I used to look at adaptive equipment and see it as a flashing neon sign, complete with an arrow pointing at the user (me), “This person is weak” the sign flashed, “can’t do normal things” it sometimes proclaimed. I avoided using tools made to help ease the stress of daily life. After all, those arthritis aids were for people who couldn’t and I could (kinda, with a lot of struggle, okay and maybe occasional tears) but I wasn’t so bad off that I really needed assistive devices, or so I thought. I thought I was fighting to remain independent. It turns out I was just fighting the use of tools that would make tasks simpler for me. Yep, that’s me alright, stubbornly chopping down the trees with a hatchet because I can’t have people seeing me use a chainsaw. The irony? Before diagnosis, I would not hesitate to pick up a tool to make a job simpler. In fact, my creative use of tools was always one of the things I was most proud of, Yankee ingenuity is in my blood. So why the tool avoidance after diagnosis? It turns out, I was more afraid of appearances and the labels they bring than I am stubbornly independent. (Even I was surprised by that one!)
The result of my stubborn tool avoidance? Struggle, giving up, and more tears than this stoic Maine girl is used to shedding. After a few weepy pity parties over the things I couldn’t manage and a complete breakdown involving a water bottle which may still to this day live under the bush I hucked it at, I began to realize I did have a choice. To struggle or to get help. Finally starting to come to terms with the limitations RA had been putting on my body, I began to consider how I could work around them. That acceptance, that RA was hampering my ability to do, was essential. It turns out it is essential to every part of the RA journey, but that is a much longer story. My first assistive device purchase? A bottle opener, if you have ever lost your shit over an inability to get a drink of water, you know why that was my first toe dip into the world of arthritis tools.
Cut to a few years later and my house is loaded with handy little things that make my life less of a struggle. Bottle openers, dressing sticks, shoehorns, various electric kitchen gadgets, scissors and a whole slew of other helpful aids now live in my home making it safer and more accessible for me, and surprise, giving me more independence. Most of those tools were picked up willingly, some even came with some excitement as I knew they would make me more able. In the fight against disabling disease, that is priceless. Giving myself permission to make that fight easier, shifted things in a small but crucial way.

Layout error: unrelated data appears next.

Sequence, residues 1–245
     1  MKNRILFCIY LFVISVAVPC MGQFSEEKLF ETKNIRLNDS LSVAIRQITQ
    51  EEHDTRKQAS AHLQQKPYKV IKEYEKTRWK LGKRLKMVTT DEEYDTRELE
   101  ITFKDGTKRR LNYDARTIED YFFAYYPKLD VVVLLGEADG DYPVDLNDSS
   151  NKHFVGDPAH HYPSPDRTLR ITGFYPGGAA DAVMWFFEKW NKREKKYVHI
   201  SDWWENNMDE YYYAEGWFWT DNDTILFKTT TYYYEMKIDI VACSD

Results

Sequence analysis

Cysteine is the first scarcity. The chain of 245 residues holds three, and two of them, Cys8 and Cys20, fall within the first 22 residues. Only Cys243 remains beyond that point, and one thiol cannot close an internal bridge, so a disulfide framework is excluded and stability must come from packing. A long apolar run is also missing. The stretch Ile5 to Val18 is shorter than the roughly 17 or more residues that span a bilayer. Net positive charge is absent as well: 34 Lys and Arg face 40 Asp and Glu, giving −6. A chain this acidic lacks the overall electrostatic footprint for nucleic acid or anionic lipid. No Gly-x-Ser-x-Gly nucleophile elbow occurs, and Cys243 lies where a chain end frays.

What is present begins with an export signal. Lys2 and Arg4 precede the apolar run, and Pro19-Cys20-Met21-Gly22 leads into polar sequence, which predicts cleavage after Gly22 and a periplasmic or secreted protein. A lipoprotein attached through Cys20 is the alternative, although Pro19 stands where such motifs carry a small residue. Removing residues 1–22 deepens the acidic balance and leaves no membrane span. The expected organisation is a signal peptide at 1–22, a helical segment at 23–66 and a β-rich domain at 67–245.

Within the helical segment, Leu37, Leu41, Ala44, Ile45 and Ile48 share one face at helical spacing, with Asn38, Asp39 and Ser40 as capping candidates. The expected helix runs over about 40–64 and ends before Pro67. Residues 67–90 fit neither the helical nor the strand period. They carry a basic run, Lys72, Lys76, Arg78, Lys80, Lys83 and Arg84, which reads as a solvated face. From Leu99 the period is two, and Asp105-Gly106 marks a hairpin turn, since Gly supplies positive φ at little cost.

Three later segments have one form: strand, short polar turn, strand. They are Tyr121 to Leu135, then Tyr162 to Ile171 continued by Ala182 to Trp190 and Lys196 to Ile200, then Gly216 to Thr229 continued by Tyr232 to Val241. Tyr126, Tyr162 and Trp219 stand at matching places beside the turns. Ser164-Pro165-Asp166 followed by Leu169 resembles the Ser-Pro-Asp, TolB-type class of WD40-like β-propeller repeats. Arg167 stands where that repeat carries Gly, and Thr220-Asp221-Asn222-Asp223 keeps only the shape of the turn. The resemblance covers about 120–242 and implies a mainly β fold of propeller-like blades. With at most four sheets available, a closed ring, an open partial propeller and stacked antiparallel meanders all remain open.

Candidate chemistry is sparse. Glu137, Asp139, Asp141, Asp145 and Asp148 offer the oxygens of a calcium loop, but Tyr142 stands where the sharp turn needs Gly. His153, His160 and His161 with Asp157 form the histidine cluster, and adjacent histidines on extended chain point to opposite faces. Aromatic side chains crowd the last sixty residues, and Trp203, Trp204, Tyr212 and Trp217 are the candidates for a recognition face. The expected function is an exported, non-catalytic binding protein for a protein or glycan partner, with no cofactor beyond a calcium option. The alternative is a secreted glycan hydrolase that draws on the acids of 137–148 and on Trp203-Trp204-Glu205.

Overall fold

That is not to say it just shifted all at once and I was able to seamlessly accept all sorts of helpful tools. Quite the opposite. Each set of tools purchased followed an acceptance of their necessity, my need to do. This meant accepting the need for help over and over. If you have followed me long, you may know my stubborn independent nature made that tougher than it probably needed to be. It certainly did when it was time to pick up a cane and eventually a walker.
Some lessons only sink in if we repeat them over and over, accepting help is one of mine. Coming to terms with the fact that my legs were no longer interested in their supportive role, and unable to submit to a life on the couch, eventually led me to accept the need for a cane to help me hobble along. As something I would need outside of the house, making my struggle visible to the outside world, that was not such a simple tool to pick up. In fact, it took extreme need and a moment of desperation for that to happen for the first time. It took a loved one landing in the ICU in critical condition when I had been barely able to walk for a week for me to chose to pick up the cane my doctors had suggested I might find helpful. In the battle between able to get to his side and unable to be there, there was no contest, I had to figure it out, so we stopped and got my first cane on the way.
Since that desperate day, I have made a pact with myself, never let it get that hard before accepting help. Whether that be the assistance of a loved one, or some handy gadget or piece of adaptive equipment, taking help when it is needed, opens life with a disease that often shuts doors to us. It gives us freedom and independence, and perhaps most importantly, it saves our energy for the things we wish to do. Living in a body that can turn the simplest tasks into a struggle, that is a priceless resource.
What handy tools for life with RA can you not do without? Keep an eye out for our upcoming guide, Handy Arthritis Tools That Reduce The Struggle.
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